Randy sluggishly checked his inventory. But instead of the healthy supply numbers, all that could be seen was random symbols like: £$%&. The gamers played on despite the set back and began fixing the roof. As expected the wolf whistle was heard and Randy descended slowly to complete the task as familiar through every level. When presented with the "Bonk Bar" though it was not red, but green.

The Bonk Bar was practically impossible to fill, but was completed after a hand shredding, 10 minute, marathon. One of the gamers decided to pass over to another game writer as he was spent. Level completed, it was now onto Level 52.

This level was odd. Randy walked to his van before, what appeared to be falling? He got up and set off in his van. Again the calls to him were made but he did not stop. At this point the gamers checked the controller ports and even changed the joystick. But Randy would not stop. The game was switched off and the Score Lord writers decided to contact Mark Burrows for an explanation.

An interview was not granted by Burrows, but he did write a letter to Score Lord. A letter which was never published.

"Dear Score Lord

Thanks for playing Randy Roofer, I'm very proud of it. Oh and well done for getting passed level 50!
I thought nobody would manage it really! What was wrong with the game then?

Well nothing. Everything is correct and there is no glitches or problems. I play tested it to death before its release. I guess I have to explain what the so called "issues" are then I suppose.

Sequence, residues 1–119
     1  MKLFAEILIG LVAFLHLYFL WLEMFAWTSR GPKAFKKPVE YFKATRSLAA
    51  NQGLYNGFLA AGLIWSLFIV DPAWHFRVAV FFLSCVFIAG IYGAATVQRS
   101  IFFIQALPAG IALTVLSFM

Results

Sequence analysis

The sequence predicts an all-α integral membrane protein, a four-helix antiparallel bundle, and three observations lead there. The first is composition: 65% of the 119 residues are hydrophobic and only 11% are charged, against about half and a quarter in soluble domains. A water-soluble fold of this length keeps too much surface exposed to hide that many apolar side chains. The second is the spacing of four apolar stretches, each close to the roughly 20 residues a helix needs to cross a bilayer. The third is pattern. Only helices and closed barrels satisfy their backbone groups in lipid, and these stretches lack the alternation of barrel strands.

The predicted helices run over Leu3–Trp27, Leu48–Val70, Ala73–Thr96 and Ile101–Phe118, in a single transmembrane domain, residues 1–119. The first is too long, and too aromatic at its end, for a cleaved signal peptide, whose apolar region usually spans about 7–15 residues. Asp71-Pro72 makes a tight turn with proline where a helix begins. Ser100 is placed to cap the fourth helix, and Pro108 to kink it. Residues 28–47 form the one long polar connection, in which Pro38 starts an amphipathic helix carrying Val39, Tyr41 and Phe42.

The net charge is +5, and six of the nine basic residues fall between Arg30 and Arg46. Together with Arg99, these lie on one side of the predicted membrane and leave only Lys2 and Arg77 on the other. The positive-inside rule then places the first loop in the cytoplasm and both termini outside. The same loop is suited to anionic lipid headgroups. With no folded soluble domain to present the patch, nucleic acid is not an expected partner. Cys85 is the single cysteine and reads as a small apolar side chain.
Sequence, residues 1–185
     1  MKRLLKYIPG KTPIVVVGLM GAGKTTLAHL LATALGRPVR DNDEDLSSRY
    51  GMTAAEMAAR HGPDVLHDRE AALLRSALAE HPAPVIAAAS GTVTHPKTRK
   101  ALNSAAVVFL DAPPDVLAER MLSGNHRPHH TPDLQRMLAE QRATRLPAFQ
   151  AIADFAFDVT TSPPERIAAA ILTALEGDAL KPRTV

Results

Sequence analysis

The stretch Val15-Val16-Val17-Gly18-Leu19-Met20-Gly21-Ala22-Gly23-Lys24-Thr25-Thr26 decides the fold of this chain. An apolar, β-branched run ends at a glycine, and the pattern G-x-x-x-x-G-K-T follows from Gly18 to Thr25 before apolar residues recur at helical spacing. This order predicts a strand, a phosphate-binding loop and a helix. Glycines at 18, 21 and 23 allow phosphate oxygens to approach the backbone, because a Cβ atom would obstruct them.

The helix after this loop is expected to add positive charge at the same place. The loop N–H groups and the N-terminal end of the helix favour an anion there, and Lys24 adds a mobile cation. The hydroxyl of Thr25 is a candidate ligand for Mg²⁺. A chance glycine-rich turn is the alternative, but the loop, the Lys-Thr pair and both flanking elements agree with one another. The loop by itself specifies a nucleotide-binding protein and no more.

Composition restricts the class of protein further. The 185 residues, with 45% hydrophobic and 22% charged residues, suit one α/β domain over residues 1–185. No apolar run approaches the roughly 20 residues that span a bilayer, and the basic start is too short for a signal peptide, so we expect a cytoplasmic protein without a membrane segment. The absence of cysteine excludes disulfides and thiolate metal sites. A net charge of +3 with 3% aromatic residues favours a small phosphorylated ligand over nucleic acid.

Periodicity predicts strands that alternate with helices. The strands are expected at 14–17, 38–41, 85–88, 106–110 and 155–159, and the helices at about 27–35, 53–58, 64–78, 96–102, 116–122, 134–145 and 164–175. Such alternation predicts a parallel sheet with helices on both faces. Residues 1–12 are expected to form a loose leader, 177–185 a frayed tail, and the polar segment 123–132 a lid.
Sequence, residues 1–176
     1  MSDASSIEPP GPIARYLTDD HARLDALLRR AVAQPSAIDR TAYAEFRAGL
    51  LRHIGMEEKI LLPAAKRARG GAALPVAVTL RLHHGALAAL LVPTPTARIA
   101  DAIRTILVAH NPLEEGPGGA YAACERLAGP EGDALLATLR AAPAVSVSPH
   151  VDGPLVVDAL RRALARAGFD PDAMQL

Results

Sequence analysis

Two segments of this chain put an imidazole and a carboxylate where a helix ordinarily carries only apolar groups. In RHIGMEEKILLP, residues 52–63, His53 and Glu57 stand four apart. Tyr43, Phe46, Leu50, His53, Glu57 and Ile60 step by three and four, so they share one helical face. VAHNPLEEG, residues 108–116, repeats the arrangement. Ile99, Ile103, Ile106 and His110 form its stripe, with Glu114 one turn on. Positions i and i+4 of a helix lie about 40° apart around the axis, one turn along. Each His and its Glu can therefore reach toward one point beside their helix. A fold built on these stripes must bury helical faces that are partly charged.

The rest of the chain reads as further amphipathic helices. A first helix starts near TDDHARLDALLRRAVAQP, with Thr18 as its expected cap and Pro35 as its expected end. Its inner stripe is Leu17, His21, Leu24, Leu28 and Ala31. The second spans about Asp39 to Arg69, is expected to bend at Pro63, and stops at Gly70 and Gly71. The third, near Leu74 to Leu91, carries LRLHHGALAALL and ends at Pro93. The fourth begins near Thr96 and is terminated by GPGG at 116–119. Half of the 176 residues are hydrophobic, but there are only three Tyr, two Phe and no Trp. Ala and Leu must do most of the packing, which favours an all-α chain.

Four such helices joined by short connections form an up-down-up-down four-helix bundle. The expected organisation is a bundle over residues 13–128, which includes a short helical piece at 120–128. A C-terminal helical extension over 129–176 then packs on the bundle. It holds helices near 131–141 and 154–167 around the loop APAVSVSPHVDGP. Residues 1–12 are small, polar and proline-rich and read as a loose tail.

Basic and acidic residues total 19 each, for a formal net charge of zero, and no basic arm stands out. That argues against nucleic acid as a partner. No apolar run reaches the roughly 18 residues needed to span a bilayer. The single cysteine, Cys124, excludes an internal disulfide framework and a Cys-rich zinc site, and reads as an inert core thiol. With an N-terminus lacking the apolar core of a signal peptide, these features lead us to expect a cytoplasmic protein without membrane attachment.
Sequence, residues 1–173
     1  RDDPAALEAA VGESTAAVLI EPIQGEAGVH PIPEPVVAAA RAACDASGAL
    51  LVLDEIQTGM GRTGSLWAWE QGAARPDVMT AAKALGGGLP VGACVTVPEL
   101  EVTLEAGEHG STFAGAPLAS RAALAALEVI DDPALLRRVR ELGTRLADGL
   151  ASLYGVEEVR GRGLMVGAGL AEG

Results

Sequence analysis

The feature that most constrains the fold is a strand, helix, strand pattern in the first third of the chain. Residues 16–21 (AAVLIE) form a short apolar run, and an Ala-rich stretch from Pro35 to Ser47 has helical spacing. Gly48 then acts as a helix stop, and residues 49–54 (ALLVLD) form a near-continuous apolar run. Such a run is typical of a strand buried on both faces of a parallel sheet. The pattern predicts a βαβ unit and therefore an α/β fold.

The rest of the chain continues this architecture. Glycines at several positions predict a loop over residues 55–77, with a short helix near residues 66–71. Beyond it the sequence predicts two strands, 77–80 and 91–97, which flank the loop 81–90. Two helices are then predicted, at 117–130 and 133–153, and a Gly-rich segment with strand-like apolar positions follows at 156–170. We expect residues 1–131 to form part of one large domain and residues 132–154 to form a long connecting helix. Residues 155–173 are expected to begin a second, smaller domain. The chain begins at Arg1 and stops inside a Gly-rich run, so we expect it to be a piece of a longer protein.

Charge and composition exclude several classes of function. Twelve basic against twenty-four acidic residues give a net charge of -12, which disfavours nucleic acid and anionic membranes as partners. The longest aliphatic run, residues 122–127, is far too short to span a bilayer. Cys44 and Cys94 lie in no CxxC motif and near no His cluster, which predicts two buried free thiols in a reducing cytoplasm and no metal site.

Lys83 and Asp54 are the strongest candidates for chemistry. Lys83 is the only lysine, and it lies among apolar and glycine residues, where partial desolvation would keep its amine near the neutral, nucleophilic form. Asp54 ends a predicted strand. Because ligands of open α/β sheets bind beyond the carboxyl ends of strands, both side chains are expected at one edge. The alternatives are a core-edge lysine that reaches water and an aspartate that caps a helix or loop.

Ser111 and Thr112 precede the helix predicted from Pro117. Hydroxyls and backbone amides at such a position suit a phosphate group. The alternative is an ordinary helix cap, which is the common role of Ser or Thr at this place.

Well it was too difficult to put every aspect in the game, but I'm sure you could figure it out. Thing is, is that Randy was working hard and servicing the women, but level 51 is his change right? He starts having it off with the poofs you see and gets that dirty AIDS disease!

Ha, ha, the dirty bastard! He had all that fanny on a plate and the goes and does that! I was trying to point out what's going on now in this country. That lot are putting it everywhere and they need stopping.

My game was just about showing people that if you're it right, you know with women and that, you'll be safe.

If you let him run his van for a good 15 minutes, you'll see the end



With this awful letter Score Lord did indeed finish the game. At the end of Level 52, Randy just keeps on driving. Until he stops.

Here the gamer is confronted by a cemetery. Randy slowly wonders over to an open grave and falls in!

The end titles then read "Stay on the STRAIGHT and narrow and you won't dies like them lot!"

Mark Burrows was said to have died of an AIDS related disease, some 5 years later

Wednesday, 30 January 2013

This week: The song I Am Aren't Listening To

"Sky Dish fall"

This is the end
I can't believe the dish has fallen off again
Straight passed the patio window and then
Hear my temper burst again

For this is the end
I was just watching Glee then the signal went
So overdue I rang them
£40 quid a month they've stolen

Why'd the Sky dish fall?
When it crumbles
Will Sky stand tall?
Face it all together?

Why'd the Sky dish fall?
When it crumbles
 Will Sky stand tall?
Face it all together?
 Sky dish falls
Sky dish falls

Sky dish fall was just the start
A thousand emails and poles apart
Where worlds collide and screens are dark